“Ship like this? Be with you til the day you die.”
“Because it’s a deathtrap.”
Of all the Firefly episodes we have, this one is the most structurally ambitious, juxtaposing three timelines: a disaster afflicting Serenity, when the compression coil Kaylee has been complaining about all series finally gives way, a lone Mal wandering around Serenity, and flashbacks to Mal first bringing each member of the crew onto the ship. A lot of this story is, on paper, a retread – the flashbacks, by design, are jokes about things that we already know, and many of the emotional beats, from Wash’s love for Zoe to Mal’s big brother relationship with Kaylee, are a kind of greatest hits thing. But this episode is much like “Safe”, in that it’s all building to a theme and a specific emotional reaction, and it’s even a similar theme: that Serenity is a wonderful place to be. The structural tricks, rather than just being a game played for its own sake, mean that the action underscores the theme rather than fights against it.
The main action of the story is the disaster, beginning with the crew celebrating Simon’s birthday – the joy is undercut slightly by the fact that they figured it out based on a renewed warrant for his arrest, but it’s still pretty joyful – as it’s kicked off in the middle of an already happy meal, Simon is touched by their thoughtfulness, and even Jayne gets in a good joke that makes the crew laugh. Mal causes the disaster in part when he chooses to take the long and lonely way to their destination, trying to avoid Alliance crew but leaving them out in the lurch when Serenity breaks down.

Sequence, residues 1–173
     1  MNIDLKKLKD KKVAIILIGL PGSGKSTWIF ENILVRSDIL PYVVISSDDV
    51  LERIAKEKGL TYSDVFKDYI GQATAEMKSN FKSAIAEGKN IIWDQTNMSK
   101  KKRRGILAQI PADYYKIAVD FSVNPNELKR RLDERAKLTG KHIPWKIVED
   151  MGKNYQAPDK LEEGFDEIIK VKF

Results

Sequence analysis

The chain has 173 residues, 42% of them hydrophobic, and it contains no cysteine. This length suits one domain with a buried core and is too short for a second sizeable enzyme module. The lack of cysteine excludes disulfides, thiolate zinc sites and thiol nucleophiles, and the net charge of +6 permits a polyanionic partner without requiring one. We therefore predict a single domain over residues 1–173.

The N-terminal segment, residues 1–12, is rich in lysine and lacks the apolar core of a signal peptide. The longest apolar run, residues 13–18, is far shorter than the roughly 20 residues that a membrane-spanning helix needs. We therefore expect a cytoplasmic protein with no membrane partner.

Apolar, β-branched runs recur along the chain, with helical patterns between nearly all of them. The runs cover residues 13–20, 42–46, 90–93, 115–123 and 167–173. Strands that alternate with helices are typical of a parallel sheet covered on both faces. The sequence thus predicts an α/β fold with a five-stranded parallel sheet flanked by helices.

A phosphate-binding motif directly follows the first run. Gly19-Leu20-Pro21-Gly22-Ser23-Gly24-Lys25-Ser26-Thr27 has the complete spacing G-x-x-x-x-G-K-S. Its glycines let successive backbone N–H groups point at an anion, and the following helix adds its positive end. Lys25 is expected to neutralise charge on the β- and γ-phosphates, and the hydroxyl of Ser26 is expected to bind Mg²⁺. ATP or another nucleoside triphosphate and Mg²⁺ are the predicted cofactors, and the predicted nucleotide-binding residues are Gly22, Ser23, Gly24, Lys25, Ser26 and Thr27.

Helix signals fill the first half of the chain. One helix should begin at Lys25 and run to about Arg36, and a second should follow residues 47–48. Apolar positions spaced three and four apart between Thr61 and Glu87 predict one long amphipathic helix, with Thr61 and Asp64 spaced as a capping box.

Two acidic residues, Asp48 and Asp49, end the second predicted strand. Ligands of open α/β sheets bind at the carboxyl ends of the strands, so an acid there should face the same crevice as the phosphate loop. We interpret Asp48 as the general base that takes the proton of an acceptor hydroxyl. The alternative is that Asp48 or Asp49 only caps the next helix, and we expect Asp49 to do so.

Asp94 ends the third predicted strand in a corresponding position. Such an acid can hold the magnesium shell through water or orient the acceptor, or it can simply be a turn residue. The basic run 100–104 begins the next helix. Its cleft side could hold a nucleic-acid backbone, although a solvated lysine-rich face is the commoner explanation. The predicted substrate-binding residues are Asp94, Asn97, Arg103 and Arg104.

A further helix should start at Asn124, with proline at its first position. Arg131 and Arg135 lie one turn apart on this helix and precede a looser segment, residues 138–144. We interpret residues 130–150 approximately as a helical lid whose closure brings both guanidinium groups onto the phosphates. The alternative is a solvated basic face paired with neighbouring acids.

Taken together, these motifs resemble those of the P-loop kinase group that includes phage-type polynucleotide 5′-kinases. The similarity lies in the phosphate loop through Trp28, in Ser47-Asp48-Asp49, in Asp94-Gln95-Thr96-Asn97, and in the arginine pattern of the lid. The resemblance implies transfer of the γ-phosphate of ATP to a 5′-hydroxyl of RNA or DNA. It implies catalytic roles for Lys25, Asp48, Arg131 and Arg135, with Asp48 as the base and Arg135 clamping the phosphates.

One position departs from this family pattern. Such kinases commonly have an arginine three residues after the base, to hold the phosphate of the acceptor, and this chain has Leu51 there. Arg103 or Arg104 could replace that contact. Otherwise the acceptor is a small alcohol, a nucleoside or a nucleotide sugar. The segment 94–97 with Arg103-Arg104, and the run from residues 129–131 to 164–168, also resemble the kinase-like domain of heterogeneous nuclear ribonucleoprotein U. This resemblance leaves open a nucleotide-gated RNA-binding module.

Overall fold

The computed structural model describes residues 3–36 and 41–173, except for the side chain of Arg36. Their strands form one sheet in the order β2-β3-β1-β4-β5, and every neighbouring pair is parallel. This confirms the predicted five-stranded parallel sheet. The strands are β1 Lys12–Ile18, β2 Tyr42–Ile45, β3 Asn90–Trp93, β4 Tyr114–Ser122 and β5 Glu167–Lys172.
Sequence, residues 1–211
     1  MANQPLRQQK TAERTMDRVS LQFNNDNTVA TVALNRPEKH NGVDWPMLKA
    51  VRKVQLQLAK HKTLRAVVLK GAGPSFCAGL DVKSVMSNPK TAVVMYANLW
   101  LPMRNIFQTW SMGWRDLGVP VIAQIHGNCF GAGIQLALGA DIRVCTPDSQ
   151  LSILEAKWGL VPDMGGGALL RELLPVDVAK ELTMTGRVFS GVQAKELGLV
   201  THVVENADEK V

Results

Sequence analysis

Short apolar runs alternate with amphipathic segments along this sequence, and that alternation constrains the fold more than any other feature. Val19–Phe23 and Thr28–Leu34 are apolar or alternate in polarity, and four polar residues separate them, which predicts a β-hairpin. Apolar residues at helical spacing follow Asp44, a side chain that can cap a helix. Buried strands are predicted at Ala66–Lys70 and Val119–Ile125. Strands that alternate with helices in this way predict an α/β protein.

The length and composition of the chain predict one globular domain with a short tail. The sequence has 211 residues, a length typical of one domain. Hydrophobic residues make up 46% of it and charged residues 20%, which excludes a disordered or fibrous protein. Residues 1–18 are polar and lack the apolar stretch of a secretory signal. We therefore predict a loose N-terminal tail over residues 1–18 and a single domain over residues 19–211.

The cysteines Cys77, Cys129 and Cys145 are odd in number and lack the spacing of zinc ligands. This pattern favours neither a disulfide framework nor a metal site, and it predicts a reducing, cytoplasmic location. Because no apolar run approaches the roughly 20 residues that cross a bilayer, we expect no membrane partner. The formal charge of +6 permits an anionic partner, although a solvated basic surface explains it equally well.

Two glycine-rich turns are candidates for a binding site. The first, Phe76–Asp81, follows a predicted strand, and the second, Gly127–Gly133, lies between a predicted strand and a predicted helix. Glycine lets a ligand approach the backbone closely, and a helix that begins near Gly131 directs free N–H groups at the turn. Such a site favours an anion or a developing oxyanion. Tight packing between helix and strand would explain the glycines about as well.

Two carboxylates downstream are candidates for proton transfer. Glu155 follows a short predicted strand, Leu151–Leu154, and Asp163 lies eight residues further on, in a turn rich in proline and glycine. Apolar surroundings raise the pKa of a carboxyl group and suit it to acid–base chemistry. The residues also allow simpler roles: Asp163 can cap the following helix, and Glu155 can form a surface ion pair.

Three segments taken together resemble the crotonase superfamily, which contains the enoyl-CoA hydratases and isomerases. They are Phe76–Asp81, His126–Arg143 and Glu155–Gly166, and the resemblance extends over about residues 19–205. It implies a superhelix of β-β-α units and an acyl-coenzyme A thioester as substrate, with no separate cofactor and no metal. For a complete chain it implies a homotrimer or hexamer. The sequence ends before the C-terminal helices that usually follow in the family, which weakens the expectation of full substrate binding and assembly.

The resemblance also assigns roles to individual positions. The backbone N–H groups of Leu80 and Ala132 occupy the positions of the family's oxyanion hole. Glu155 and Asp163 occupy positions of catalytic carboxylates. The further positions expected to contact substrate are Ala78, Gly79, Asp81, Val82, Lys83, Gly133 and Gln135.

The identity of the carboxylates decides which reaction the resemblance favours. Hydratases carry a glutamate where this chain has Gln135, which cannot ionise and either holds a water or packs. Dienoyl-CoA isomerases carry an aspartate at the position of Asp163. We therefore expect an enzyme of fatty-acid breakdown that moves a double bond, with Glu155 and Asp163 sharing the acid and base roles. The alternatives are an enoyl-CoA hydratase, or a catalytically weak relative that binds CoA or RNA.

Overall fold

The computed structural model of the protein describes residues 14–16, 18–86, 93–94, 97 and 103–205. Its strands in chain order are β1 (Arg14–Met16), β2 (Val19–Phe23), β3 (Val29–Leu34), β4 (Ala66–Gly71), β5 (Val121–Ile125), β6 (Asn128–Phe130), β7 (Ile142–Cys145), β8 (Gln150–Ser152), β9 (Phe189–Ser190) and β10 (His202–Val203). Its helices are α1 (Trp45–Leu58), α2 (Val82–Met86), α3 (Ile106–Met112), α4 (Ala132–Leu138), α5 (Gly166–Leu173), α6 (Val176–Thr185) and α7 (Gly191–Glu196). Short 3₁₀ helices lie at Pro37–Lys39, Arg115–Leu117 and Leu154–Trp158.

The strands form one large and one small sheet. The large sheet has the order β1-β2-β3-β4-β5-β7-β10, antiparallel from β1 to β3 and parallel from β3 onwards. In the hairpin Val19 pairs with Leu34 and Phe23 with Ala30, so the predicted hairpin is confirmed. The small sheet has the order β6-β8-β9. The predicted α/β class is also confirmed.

“‘Day’ is a vestigial mode of time measurement based on solar cycles. It’s not applicable. I didn’t get you anything.”
One of the main emotional arcs is the conflict between Wash and Mal. We’ve seen before that Wash prioritises Zoe above everything else and resents the Captain’s authority over him, and without Zoe to mediate, that escalates into confrontation and physical violence. This leads up to one of the funniest moments of the episode: when Wash, having truly had enough and blaming Mal (a little rightly and a little wrongly) for everything, realises mid-sentence that Mal actually has a perfectly reasonable idea that will get them out of this mess, and with great embarrassment acknowledges that Mal’s right while still kinda holding onto his anger.
But the real meat of the episode is in those flashbacks, which as said serve as an ironic contrast to the main action – a specific example being going from Mal in flashback meeting Kaylee, to Mal during the disaster talking to Kaylee about what needs to be done to fix the ship, to Mal post-disaster doing exactly what she told him to do with a working part. This feels like an elegant and satisfying way to communicate the actual idea, which is what Serenity means to each individual crew member.
“You got much experience with a vessel like this?”
“I never even been up in one before.”